Epic 3,700-mile nature trail will one day allow you to hike coast-to-coast

An ambitious new plan will one day allow you to walk coast-to-coast.

May 09, 2019, 1:18 PM

Outdoor enthusiasts rejoice. An ambitious, historic new plan will one day allow you to run, bike or even rollerblade coast-to-coast.

Rails to Trails Conservancy (RTC) unveiled its 3,700-mile off-road trail this week. When fully completed, the “Great American Rail Trail” will become the nation’s first cross-country multi-use trail.

PHOTO: Montana Headwaters Trail; will be part of Great American Rail Trail
Montana Headwaters Trail; will be part of Great American Rail Trail
Gene Townsend & Scott Stark via Rails-to-Trails Conservatory

The trail will travel from Washington D.C. through 12 states: Maryland, Pennsylvania, West Virginia, Ohio, Indiana, Illinois, Iowa, Nebraska, Wyoming, Montana, Idaho and Washington.

RTC settled on the entirely bikeable and walkable route after a 12-month analysis of more than 34,000 miles of existing multi-use trails.

More than half of the trail -- 1,900 miles -- is already complete, with much of it consisting of old railroad track.

RTC president Ryan Chao told ABC News that “the route consists of 125 truly beautiful existing trails. Some of the most iconic rail trails in our country.”

PHOTO: Nebraska Cowboy Trail; will be part of Great American Rail Trail.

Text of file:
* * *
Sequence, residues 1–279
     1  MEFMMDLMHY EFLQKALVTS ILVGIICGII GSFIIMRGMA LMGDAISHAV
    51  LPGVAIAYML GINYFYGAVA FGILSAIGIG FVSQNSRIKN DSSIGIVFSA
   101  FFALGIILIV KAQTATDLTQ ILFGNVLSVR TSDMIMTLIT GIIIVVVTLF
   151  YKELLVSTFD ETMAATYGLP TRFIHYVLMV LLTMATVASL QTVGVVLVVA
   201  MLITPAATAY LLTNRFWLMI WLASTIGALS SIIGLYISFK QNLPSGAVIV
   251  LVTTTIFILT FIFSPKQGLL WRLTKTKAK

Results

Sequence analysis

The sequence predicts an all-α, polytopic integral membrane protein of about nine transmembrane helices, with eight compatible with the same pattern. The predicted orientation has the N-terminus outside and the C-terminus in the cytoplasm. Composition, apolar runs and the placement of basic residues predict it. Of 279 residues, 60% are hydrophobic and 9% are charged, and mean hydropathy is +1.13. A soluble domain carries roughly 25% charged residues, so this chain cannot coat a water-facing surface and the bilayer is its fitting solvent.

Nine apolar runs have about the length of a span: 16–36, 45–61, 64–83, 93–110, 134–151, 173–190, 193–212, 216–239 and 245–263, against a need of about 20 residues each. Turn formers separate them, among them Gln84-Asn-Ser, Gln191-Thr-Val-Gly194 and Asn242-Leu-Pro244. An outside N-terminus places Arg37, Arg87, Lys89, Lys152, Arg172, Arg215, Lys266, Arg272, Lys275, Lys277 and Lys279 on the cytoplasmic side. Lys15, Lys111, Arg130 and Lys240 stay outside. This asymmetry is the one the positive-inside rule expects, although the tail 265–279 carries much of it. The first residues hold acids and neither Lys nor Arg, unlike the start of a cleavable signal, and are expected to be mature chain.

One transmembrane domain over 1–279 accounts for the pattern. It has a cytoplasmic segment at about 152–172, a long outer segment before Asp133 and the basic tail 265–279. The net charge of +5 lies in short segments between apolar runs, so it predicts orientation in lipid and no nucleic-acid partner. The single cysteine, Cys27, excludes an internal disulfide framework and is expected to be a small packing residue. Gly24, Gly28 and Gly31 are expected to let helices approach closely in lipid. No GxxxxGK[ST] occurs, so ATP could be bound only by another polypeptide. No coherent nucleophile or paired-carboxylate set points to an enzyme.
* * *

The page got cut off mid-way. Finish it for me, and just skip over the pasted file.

Nebraska Cowboy Trail; will be part of Great American Rail Trail.
Nebraska Tourism Commission via Rails-to-Trails Conservatory

New segments are expected to be finished every year and, when complete, the trail will serve an estimated 50 million Americans.

“We believe that trails connect people with the outdoors, each other and our communities in very powerful ways," Chao said.

RTC wants 90% of the trail to be located away from roads -- and therefore cars -- with the eventual goal of 100%.

PHOTO: Trail of the Coeuer d'Alenes in Idaho; will be part of Great American Rail Trail
Trail of the Coeuer d'Alenes in Idaho; will be part of Great American Rail Trail
Lisa James via Rails-to-Trails Conservatory

Right now, RTC says it may take decades to fully complete the trail, but that could change.

The beginning of the route is the only fully complete section. The nearly 208-mile stretch starts on the steps of the United States capitol in Washington D.C. and heads through Maryland.

For a map of the rest of trail, and more information click on the above video.

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